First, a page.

Former Israeli spy chiefs attack Trump for 'intel leak'
Iran Press TV
Thu May 18, 2017 7:41AM
Two former directors of Israel's Mossad spy agency have attacked US President Donald Trump for his alleged sharing of highly classified, Israeli-obtained "intelligence" with Russia.
President Trump was surrounded by controversy over the weekend, when The Washington Post alleged that he had divulged secret information with Russia's Foreign Minister Sergei Lavrov and Ambassador to the US Sergei Kislyak during a recent meeting at the White House. While the Post did not reveal the origin of that information, it said the provider had not given "permission" to the US to share the info with Russia.
The New York Times, citing unnamed sources, later claimed that the intelligence had come from Israel and was about the bomb-making capabilities of the Daesh terrorist group.
Danny Yatom, who led Israel's spy organization from 1996 to 1998, said on Wednesday that Tel Aviv had to "punish the Americans" over the leakage.
He said the disclosure would be a "catastrophe" if it turned out that the US president also compromised the Israeli "sources" in the Syrian city of Raqqah, Daesh's so-called headquarters in Syria, during the White House meeting with the Russians.
"If we will assess that our sources of intelligence are in danger due to the way it will be handled by the United States, then we will have to keep the very sensitive information close to our chests," he further said.
He said Israel had to refrain from "transferring information" to Trump or just provide him with "partial" intelligence lest he would "endanger" Mossad's sources.
It was not clear why the alleged sharing of the information with Russia, which has been actively fighting Daesh and other terrorist groups in Syria, would "endanger" the Israeli "sources." But speculation has been raised that, in light of previous indications of quiet cooperation between Israel and Daesh, the Tel Aviv regime is now fearing a further revelation of its dealings with the internationally-designated terrorist group.
The unusually angry remarks by Yatom and similar comments by his predecessor, Shabtai Shavit, have only strengthened such speculation.
Shavit, who was Israel's spy chief from 1986 to 1996, for his part, lambasted Trump and referred to him as a "bull in a china shop," who he said could not run even a "corner shop."
"Before he (Trump) makes any decision, he posts on Twitter. He tweets and then checks the responses in order to make his decision. Is that how you run a country?" Shavit said.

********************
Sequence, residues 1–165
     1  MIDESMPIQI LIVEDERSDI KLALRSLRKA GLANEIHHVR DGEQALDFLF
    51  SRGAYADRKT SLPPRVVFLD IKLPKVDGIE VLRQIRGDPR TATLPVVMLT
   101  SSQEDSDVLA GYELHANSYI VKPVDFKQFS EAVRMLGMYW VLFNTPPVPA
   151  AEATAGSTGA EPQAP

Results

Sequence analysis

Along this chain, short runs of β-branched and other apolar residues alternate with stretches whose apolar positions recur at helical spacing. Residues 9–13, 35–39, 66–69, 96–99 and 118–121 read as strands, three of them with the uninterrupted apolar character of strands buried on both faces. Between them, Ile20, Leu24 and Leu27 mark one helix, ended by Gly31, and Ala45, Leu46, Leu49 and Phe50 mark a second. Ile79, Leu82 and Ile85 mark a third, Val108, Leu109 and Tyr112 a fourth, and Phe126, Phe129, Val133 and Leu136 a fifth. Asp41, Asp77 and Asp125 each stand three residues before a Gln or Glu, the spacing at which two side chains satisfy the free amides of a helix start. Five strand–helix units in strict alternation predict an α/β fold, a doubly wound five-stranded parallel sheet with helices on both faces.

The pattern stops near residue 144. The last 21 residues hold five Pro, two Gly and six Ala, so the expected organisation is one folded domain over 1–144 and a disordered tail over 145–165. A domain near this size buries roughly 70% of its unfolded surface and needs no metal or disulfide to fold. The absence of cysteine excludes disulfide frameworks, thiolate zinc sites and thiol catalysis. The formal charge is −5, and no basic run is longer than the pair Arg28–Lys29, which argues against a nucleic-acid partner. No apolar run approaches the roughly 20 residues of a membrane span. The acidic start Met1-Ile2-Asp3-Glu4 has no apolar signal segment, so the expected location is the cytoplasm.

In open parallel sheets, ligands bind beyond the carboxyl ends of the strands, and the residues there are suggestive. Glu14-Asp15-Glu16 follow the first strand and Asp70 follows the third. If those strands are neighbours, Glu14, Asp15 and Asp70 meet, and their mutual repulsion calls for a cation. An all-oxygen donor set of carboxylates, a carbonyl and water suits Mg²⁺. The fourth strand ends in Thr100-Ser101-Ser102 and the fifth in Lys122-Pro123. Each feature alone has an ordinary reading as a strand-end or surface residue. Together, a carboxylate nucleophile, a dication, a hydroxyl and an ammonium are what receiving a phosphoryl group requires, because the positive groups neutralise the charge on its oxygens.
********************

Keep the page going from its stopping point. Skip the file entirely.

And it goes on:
There have been reports that Israel offers medical treatment to militants wounded while operating in Syria in hospitals set up on the Golan Heights, Syrian territory that has been occupied by Israel. Back on April 9, Israeli Prime Minister Benjamin Netanyahu said Tel Aviv would continue treating wounded militants from Syria as part of what he claimed to be a "humanitarian effort."
The Israeli regime also conducts military strikes against fighters from the Lebanese Hezbollah movement, who are, like Russia, helping the Syrian government fight Daesh.
The Syrian government says the Israeli strikes are meant to stiffen the spine of the anti-Damascus militants, who are facing increasing losses on the battlefield. Furthermore, the Syrian army has also repeatedly seized sizable quantities of Israeli-made weapons and advanced military equipment from the militants in Syria.
In September last year, the Israeli daily Ha'aretz quoted Israeli parliament member Akram Hasoon as saying that Israel was directly aiding the Takfiri terrorist group Jabhat Fateh al-Sham, formerly known as al-Nusra Front, another terrorist group operating in Syria.
He revealed that an earlier attack by the Nusra group on the Druze Village of Khadr had had the support of Israeli minister for military affairs Avigdor Lieberman.
Most recently, Israel's housing and construction minister Yoav Galant said it was time to "assassinate" Syrian President Bashar al-Assad. He said on Tuesday that killing Assad would be the first step in confronting Syria's ally, Iran, which has also been offering advisory military help to the Syrian fight against terrorism.
The controversy over Trump's alleged sharing of the information and the remarks by the former Israeli Mossad chiefs come ahead of Trump's first trip to Israel. Israeli Prime Minister Benjamin Netanyahu spoke with Trump on the phone on Tuesday night, reportedly avoiding the topic of the controversy and only speaking about the US president's upcoming trip.
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